This was the final year the ACT Expo convened at the Long Beach Convention Center south of Los Angeles. With a record 8,000 attendees, the trade event has outgrown its environs and will move to the Orange County Convention Center for 2023.
The growth of the ACT Expo mirrors — to a large extent — the growth of “Advanced Clean Transportation” in the commercial vehicle industry. Remembering my first ACT Expo some 11 years ago, the spartan show floor was filled with suppliers of compressed and liquified (CNG/LNG), propane, and other biofuels.
Since then, while some of those alt-fuel vendors still exhibit, the show has pivoted with the market to electrification. “We’re an electric show this year,” said Erik Neandross, ACT Expo producer and CEO of Gladstein Neandross & Associates, to open the 2018 show. In this fast-moving river, five years ago feels like the Dark Ages.
Evolutions are hard to measure, particularly when you’re in the middle of them. At that same 2018 show, Paul Rosa of Penske Truck Leasing said, “It’s just not in the dialogue that we’ll put (fleets) in an electric truck next month.”
Flash forward to 2022: Penske Truck Leasing is in the process of fleeting 750 Ford E-Transits, said Penske’s Art Vallely in a seminar. The river is turning into a flood — and with so many new players and moving parts, it’s hard to make sense of it all.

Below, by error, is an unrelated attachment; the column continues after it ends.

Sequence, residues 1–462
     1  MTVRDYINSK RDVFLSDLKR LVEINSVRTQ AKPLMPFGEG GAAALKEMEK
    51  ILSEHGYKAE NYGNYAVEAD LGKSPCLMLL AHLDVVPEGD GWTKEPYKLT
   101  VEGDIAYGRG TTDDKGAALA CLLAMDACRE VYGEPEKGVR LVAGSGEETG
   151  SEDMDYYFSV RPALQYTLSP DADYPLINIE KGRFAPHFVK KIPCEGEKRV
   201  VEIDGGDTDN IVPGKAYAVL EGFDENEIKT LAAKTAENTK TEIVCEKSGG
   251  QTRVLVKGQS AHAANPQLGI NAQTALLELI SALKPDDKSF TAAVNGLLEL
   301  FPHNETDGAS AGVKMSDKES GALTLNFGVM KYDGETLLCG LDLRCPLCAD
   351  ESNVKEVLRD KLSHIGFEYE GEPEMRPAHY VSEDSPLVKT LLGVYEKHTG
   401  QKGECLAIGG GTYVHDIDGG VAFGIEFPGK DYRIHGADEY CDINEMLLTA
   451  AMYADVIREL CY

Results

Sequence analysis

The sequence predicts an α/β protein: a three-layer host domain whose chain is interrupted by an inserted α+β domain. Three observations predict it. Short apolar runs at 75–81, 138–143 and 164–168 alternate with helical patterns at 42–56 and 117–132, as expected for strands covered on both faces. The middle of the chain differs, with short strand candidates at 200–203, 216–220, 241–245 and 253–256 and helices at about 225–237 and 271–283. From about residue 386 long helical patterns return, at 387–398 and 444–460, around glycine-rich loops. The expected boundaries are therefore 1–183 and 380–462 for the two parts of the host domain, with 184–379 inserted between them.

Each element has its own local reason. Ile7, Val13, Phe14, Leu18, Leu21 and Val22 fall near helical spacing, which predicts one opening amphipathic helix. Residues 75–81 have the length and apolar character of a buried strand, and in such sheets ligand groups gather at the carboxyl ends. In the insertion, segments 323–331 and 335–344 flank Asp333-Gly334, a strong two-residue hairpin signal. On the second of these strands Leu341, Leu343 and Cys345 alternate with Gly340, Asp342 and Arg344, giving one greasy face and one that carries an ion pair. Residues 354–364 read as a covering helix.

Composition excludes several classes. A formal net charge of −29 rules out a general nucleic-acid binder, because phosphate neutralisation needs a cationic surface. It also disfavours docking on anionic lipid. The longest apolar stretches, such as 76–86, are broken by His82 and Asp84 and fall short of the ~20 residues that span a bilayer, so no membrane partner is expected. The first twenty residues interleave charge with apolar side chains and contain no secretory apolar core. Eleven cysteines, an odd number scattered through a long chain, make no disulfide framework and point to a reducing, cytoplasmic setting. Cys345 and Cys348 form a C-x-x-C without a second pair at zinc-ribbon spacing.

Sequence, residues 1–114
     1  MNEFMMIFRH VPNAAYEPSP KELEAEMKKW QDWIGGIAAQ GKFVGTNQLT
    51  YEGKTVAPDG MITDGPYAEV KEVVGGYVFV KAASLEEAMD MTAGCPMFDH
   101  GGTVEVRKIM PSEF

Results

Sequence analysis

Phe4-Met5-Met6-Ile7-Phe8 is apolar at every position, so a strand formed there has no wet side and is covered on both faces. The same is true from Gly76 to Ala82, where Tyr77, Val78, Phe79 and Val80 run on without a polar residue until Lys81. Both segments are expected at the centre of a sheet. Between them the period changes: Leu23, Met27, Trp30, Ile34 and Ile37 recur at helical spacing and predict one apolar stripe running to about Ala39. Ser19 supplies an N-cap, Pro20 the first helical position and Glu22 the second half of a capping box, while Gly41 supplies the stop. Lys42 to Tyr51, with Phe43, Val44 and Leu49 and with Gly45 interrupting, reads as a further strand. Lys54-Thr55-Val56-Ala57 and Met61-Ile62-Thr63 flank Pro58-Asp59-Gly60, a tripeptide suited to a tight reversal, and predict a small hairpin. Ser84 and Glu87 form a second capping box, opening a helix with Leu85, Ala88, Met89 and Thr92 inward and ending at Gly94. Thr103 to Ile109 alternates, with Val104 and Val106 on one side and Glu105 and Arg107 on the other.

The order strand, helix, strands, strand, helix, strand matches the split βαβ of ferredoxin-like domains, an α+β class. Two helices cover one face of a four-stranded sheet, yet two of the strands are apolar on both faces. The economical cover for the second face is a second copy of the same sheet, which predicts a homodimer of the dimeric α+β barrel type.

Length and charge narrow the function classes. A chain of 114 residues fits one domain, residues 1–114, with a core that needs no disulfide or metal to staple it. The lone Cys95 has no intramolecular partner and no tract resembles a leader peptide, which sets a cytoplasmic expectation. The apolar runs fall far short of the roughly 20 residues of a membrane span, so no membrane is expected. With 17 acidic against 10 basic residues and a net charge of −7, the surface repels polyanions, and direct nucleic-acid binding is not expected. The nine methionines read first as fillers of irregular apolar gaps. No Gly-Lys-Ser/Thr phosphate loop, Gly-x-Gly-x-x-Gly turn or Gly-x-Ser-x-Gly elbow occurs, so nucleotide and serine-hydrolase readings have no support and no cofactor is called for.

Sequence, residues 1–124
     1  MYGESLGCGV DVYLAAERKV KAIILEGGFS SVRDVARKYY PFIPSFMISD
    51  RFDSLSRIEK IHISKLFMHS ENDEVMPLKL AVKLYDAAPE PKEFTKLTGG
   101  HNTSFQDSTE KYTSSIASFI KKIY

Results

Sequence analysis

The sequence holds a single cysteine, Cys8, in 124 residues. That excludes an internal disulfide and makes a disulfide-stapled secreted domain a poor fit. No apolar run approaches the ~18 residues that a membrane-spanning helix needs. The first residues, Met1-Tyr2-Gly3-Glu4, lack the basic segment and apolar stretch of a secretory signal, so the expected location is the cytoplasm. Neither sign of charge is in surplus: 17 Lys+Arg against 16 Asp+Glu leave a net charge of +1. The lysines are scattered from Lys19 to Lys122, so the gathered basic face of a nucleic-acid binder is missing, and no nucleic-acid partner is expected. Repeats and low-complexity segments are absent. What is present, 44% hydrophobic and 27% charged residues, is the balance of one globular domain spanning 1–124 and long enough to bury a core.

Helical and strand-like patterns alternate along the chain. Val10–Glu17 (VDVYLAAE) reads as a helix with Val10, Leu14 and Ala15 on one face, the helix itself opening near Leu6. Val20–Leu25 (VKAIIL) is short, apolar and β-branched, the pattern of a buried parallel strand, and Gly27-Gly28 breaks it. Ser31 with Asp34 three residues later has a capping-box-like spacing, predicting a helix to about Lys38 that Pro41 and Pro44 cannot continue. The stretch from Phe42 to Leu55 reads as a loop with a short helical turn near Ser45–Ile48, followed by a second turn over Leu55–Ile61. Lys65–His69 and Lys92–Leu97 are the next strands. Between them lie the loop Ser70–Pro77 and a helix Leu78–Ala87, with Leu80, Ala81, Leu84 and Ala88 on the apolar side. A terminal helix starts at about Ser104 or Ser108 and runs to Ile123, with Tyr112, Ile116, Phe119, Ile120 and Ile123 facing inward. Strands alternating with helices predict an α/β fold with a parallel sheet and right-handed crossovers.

Walking this year’s show floor, it felt like the Gold Rush for commercial electric vehicles. By my unofficial count, there are now at least two dozen independent manufacturers of EVs looking to serve the Class 2b to Class 6 market — substantially eclipsing the incumbent OEMs in the ICE market. Throw in another handful (at least) for Class 7 and 8. Many were in Long Beach, some were not. Some will prevail, others won’t.
Should fleets looking to electrify take a chance on an independent OEM? The incumbents have a built-in advantage when it comes to funding, production capacity, sales footprint, timelines to market, and ability to service the vehicles.
But when it comes to vehicle engineering, my take has evolved: I’m not necessarily defaulting to the incumbent OEMs as the better choice, every time. There are independent makers building their own battery systems with the efficiency and energy density that rival or even surpass the technology of the majors. Some independents own their supply chains while some incumbents are outsourcing to rush EVs to market.
Of course, this only makes fleet managers’ jobs that much more difficult. They never had to make these tough decisions with ICE vehicles, as the technology and the automakers were proven. Add new uncertainties to the mix — supply chain disruptions and rising raw material costs are driving battery prices up after a decade of declines.